In practicing the desired conversion process, it may be desirable to incorporate the above described crystalline aluminosilicate zeolite in another material resistant to the temperature and other conditions employed in the process. Such matrix materials include synthetic or naturally occurring substances as well as inorganic materials such as clays, silica and/or metal oxides. The latter may be either naturally occurring or in the form of gelatinous precipitates or gels including mixtures of silica and metal oxides. Naturally occurring clays which can be composited with the zeolite include those of the montmorillonite and kaolin families, which families include the sub-bentonites and the kaolins commonly known as Dixie, McNamee-Georgia and Florida clays or others in which the main mineral constituent is halloysite, kaolinite, dickite, nacrite or anauxite. Such clays can be used in the raw state as originally mined or initially subjected to calcination, acid treatment or chemical modification.

In addition to the foregoing materials, the zeolites employed herein may be composited with a porous matrix material, such an alumina, silica-alumina, silica-magnesia, silica-zirconia, silica-thoria, silica-berylia, silica-titania as well as ternary compositions, such as silica-alumina-thoria, silica-alumina-zirconia, silica-alumina-magnesia and silica-magnesia-zirconia. The matrix may be in the form of a cogel. The relative proportions of zeolite component and inorganic oxide gel matrix may vary widely with the zeolite content ranging from between about 1 to about 99 percent by weight and more usually in the range of about 5 to about 80 percent by weight of the composite.

The invention utilizes zeolites of the type described, limited however to those forms which are of relatively low acid activity. It has been found that, as activity of these zeolites is reduced, the capacity to catalyze disproportionation declines without substantial decline in the capacity to catalyze isomerization of xylenes at temperatures above about F. The invention takes advantage of that unique characteristic to achieve the processing advantage that isomerization is decoupled from ethylbenzene conversion which now proceeds by dealkylation in the presence of the low activity zeolite and the metal component. A significant consequence of these catalytic properties is that recycle of toluene and trimethylbenzene to the reactor is generally undesirable. The lack of disproportionation activity means that these methylbenzenes will not be converted in significant amounts to xylenes. Hence recycle of these unreactive species results in undesirable build-up in the loop of diluent materials.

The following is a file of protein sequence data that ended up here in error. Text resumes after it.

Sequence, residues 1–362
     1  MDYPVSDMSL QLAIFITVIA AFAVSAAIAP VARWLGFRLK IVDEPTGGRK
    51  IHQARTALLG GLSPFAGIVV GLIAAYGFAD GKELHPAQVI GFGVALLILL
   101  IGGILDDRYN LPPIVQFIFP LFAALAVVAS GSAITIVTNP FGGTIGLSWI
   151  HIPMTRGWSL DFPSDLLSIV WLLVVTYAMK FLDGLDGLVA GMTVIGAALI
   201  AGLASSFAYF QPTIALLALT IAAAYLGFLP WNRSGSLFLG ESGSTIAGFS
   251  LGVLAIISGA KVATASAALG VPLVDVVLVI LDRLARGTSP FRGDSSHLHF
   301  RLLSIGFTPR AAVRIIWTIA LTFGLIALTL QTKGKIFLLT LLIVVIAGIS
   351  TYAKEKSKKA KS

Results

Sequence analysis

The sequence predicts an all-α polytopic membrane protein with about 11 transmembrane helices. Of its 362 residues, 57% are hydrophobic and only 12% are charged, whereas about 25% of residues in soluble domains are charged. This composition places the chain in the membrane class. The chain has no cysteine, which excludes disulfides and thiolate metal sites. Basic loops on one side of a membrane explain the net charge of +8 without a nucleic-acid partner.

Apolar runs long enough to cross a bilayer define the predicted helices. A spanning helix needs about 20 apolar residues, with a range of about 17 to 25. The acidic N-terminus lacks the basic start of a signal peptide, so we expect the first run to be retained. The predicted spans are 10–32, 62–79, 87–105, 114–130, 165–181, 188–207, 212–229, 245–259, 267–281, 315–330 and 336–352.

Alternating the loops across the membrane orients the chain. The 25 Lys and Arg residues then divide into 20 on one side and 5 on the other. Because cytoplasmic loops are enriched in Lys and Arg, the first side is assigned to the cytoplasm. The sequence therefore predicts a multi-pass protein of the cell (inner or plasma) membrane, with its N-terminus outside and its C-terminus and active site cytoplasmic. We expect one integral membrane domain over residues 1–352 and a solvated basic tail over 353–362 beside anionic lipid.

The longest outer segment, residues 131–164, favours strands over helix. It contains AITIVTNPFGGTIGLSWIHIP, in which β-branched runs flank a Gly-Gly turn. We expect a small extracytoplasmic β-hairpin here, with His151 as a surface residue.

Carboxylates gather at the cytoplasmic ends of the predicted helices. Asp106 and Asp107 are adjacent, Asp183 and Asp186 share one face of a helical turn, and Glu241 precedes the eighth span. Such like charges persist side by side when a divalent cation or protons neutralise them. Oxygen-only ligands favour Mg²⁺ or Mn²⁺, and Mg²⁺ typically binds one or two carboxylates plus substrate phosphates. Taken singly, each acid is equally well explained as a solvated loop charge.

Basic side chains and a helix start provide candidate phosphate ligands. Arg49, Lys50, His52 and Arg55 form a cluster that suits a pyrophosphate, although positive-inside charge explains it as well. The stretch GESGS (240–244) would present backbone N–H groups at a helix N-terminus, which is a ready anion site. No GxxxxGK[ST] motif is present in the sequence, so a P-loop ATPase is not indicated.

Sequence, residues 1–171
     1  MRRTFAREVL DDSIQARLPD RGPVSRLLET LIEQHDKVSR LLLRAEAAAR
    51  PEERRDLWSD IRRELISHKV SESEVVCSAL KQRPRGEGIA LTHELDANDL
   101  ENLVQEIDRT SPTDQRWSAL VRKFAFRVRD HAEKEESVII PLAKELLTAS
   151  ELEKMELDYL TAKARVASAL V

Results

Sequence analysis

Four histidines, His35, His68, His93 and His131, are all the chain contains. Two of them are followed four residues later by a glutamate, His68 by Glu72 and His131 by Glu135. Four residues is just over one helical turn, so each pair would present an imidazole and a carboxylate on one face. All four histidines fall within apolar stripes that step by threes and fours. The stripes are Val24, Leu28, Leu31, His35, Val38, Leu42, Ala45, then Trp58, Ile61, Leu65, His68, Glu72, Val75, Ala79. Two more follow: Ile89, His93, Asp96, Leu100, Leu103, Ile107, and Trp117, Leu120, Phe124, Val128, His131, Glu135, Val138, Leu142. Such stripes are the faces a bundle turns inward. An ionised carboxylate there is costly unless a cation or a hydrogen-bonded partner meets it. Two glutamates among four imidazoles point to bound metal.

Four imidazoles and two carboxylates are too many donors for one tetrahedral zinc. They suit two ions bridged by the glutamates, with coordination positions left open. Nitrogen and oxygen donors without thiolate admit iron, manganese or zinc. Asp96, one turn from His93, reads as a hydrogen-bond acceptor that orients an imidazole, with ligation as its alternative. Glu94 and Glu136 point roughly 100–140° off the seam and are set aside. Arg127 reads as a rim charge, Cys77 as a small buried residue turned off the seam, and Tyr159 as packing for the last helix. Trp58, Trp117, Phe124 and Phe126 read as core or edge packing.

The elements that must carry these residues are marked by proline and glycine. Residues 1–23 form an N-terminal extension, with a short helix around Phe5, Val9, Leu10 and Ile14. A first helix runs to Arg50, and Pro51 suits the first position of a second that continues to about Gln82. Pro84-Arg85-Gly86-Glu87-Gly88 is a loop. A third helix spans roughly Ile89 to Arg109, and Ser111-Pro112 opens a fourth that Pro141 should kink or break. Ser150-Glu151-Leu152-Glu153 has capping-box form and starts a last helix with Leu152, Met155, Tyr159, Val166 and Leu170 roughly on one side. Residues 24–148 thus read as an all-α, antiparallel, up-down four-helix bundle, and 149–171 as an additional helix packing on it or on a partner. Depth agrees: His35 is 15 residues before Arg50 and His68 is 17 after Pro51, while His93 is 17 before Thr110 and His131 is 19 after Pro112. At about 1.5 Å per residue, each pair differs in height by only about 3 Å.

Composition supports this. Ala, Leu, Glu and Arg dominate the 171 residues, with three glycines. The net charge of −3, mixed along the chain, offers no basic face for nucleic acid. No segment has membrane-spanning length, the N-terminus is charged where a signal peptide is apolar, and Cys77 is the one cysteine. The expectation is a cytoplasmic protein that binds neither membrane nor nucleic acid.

The low acid activity of the catalyst is attainable in any of several ways or a combination of these. A preferred alternative is to form the zeolite at high silica/alumina ratio above 200, preferably above 500. Very high dilution with an inert matrix is also effective. For example, composites of a more active form of zeolite ZSM-5 with alumina at a ratio of 5 parts of zeolite with 95 parts of the inert matrix provides a suitable catalyst as described in our application Ser. No. 795,046, filed May 9, 1977 and now abandoned, the entire contents of which are incorporated herein by reference.

Activity of these zeolites may be reduced to levels suited to practice of the invention by thermal treatment or steam at high temperature as described in application Ser. No. 582,025, filed May 22, 1975, now U.S. Pat. No. 4,016,218, and in U.S. Pat. No. 3,965,209, respectively. Zeolites employed in such severe reactions as aromatization of paraffins and olefins lose activity to an extent which makes them suitable for use in the process of this invention. See U.S. Pat. No. 3,960,978 for fuller discussion of this manner of deactivated zeolite. Another method for reducing activity is to provide basic cations such as sodium at a significant proportion of the cationic sites of the zeolite. That technique is described in U.S. Pat. No. 3,899,544.

By whatever means the reduced acid activity is achieved, the activity may be measured in terms of disproportionation activity. A suitable test for the purpose involves contacting xylenes in any convenient mixture or as a single pure isomer over the catalyst at F., 200 psig and liquid hourly space velocity (LHSV) of 5. Suitable catalysts for use in the process of the invention will show a single pass loss of xylenes (by disproportionation) of less than 2 weight percent, preferably less than one percent. Catalysts which have been employed show losses in the neighborhood of 0.5 percent. It is this very low rate of disproportionation at very high levels of ethylbenzene conversion to benzene (about 30%) that provides the advantage of the new chemistry of aromatics processing characteristic of the invention. That lack of disproportionation (and transalkylation generally) activity also dictates withdrawal of compounds boiling above and below eight carbon atom aromatic compounds. For example, toluene and trimethyl benzene are converted to very little, if any, extent and become diluents which occupy reactor space to no advantage. Small amounts of such diluents can be tolerated, such as those present by reason of "sloppy" fractionation, but withdrawal to at least a major extent is important to efficient operation.


Nature of conversion of various components of the heavy end of reformate according to this invention are shown in results of experimental runs charging the fraction of a commercial reformate cut by fractionation at F. and having the composition shown below:

______________________________________ Composition of 305 + .degree. F. Reformate ______________________________________ Ethylbenzene (EB) 0.9 wt. % xylenes 7.4 C.sub.9 + Paraffins 2.3 C.sub.9 Aromatics 58.9 C.sub.10 Aromatics 22.2 C.sub.11-12 Aromatics 5.3 C.sub.13 + Aromatics 3.0 100.0 ______________________________________